• leek Level 1 (0 points)

    Thanks for your hard work.

    To lend perspective, I have an original Intel MacBook Pro 1,1 and have had this problem from the beginning.

    I am now running OS X 10.6.8.

    A while back I replaced the original 802.11a/b/g card with one from eBay supporting 802.11n hoping this would improve performance.  So far the only thing that works for me is:

    Network Preferences > Advanced > Require administrator password to: (check box) Turn Airport On or Off.

    I'm amazed that I have never had WiFi problems with my iPod Touch or iPad and that this problem persists in the newest MBPs.

  • BobRz Level 5 (6,115 points)

    Have you ever tried a fresh install? I mean basically backing up your machine, wiping the drive, and reinstalling? My theory is TCP gets corrupted somewhere along the line and the problem manifests itself with certain wifi cards. An inplace install or upgrade might just perpetuate the problem. That was going to be my next step, but since it's working now I'm reluctant to take it.

  • BobRz Level 5 (6,115 points)

    And excuse me if this is obvious, but I meant trying the wifi before migrating your existing stuff back via Migration Assistant. I've seen some posts where supposedly Apple techs recommended deleting some if the existing network files. While sometimes that apparently worked and other times not, it kind of lends some credence to my theory about TCP issues.

  • Don Roedl Level 2 (210 points)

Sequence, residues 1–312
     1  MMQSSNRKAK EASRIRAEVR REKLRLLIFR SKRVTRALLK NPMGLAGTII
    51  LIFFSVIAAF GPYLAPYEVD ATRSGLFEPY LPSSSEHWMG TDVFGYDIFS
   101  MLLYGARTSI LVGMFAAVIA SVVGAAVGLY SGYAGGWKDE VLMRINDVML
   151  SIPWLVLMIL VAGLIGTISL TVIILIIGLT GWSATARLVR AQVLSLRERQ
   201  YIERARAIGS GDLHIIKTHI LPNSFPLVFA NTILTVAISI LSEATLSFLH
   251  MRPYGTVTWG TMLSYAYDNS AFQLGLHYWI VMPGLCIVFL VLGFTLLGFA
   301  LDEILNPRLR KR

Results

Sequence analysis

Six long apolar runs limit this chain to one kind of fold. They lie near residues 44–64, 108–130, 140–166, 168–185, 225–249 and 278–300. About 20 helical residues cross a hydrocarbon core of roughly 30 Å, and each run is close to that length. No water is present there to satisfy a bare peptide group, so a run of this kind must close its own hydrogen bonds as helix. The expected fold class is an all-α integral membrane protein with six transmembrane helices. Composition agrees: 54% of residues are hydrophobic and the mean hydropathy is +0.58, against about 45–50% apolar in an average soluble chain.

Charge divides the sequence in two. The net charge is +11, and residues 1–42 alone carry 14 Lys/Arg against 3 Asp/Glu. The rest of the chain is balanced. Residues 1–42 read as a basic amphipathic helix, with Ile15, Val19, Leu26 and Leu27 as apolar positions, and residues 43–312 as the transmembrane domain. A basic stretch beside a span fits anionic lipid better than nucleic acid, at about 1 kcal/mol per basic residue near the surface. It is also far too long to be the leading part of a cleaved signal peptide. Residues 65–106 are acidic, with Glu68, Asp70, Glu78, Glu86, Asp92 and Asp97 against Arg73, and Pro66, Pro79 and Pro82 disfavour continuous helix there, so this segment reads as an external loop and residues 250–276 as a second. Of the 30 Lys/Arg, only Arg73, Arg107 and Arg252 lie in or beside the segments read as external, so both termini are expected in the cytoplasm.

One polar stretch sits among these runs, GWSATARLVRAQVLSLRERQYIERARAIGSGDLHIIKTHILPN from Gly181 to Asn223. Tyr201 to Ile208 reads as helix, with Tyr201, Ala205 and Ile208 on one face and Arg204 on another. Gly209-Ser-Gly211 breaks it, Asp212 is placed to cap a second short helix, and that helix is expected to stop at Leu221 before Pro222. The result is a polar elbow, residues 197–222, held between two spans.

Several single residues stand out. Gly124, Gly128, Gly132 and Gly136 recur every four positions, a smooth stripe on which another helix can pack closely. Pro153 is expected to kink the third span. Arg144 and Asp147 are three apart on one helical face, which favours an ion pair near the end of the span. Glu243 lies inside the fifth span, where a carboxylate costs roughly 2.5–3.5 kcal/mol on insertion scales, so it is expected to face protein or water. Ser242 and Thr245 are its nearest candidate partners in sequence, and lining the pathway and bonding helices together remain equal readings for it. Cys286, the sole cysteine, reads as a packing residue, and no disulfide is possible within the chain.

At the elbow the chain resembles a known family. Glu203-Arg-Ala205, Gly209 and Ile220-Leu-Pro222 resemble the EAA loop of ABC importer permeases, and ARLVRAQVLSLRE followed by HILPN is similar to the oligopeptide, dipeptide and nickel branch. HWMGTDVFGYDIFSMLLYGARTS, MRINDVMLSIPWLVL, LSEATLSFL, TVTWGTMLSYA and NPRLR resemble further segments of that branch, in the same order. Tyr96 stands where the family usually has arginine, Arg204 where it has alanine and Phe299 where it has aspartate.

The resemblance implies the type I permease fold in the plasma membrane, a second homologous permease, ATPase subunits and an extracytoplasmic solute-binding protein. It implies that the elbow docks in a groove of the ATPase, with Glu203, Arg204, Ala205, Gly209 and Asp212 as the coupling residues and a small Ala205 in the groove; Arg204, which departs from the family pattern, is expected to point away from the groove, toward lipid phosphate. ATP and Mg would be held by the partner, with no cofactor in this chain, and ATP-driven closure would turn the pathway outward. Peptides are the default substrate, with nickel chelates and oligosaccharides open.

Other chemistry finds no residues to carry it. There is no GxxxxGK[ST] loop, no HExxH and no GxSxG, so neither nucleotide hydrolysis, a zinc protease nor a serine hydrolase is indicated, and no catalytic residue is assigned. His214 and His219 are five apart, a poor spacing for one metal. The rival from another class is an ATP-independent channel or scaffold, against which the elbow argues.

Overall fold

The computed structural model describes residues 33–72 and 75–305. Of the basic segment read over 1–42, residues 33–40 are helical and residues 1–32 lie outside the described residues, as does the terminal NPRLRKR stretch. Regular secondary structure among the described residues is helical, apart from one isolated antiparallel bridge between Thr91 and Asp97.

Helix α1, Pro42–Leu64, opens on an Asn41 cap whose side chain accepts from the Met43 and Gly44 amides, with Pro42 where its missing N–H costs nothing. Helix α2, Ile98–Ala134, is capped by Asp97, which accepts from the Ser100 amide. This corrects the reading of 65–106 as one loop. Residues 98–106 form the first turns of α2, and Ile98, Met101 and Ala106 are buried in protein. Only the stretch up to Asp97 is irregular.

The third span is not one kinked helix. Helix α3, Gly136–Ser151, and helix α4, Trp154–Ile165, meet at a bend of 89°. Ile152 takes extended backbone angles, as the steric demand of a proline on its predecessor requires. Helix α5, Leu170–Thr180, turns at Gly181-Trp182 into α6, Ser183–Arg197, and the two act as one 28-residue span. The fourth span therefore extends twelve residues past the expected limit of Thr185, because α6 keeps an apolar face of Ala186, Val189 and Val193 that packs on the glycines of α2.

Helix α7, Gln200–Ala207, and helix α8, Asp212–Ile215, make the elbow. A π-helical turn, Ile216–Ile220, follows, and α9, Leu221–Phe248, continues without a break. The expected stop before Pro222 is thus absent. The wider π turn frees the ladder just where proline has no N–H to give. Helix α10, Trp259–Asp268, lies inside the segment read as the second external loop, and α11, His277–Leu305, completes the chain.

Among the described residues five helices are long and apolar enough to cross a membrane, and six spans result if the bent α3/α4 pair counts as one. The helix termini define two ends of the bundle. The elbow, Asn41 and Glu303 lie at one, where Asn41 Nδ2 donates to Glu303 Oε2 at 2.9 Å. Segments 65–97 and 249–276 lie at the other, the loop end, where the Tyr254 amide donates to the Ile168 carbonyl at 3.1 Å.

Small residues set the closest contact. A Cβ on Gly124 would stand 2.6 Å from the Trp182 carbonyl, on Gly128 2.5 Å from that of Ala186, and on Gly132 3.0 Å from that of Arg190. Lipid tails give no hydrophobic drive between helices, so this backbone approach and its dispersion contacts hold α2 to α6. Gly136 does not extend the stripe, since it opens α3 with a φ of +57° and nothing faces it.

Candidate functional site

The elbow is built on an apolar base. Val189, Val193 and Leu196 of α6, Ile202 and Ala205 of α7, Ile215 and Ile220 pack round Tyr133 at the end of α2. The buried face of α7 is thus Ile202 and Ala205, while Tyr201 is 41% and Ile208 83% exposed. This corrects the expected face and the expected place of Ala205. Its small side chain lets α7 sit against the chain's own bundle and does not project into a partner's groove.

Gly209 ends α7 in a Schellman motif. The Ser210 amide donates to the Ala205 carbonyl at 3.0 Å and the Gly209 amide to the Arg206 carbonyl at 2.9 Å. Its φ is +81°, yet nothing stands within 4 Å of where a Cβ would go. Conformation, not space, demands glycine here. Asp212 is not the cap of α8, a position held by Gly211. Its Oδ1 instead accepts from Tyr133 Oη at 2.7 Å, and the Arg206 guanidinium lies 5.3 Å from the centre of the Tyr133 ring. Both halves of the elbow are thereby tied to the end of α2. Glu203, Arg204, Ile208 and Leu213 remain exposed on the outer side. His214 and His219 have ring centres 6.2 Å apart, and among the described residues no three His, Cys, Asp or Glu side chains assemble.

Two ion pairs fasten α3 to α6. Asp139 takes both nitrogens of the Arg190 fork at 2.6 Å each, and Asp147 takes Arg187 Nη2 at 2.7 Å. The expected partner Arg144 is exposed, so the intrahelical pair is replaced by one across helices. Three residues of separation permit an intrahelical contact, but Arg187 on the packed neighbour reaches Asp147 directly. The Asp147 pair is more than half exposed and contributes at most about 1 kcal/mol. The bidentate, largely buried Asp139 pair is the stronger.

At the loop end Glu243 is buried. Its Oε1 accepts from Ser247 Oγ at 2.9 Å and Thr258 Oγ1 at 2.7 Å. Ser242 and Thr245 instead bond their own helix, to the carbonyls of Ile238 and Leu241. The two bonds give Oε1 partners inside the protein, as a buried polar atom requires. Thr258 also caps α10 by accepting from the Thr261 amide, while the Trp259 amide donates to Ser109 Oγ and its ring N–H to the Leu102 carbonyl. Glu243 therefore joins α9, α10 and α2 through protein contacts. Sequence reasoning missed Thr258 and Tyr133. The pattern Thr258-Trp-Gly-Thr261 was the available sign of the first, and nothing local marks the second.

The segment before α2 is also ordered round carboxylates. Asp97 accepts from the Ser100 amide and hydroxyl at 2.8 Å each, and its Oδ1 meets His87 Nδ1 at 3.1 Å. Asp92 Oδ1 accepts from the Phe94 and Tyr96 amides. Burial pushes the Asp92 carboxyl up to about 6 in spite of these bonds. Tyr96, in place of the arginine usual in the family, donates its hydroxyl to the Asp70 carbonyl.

I simply cannot replicate this problem.  I am using a number of devices that are taken on and off my network, and switch between networks often. I have been through a number of OS X and IOS operating system versions on a number of devices, and no problems with wireless stability whatsoever. I have used the same Apple Airport Extreme wireless router for the last 5 years. My signal is always reliable. I am stumped. One has to wonder how much of the problem could be related to wireless environmental overlap from not only 802.11 but 2.6ghz devices and others as well...., at least in some of the cases. If I come across anything at all that might shed some light on the issue, I will surely post it here.

  • BobRz Level 5 (6,115 points)



    That's part of the problem. Not everyone has it, and I don't think anyone knows what initially triggers it. Some people seem to have it out of the box, with others it happens later. My MBP is a little over 3 years old and I never had a problem with it until a few months ago. Like I said, I think something akin to a stack corruption in Windows maybe, or possibly an incompatibility between some Broadcom wireless cards and some MBP motherboards. I wish I had another one or two MBP's exhibiting this problem to experiment with. I think I've got enough experience now to maybe figure it out.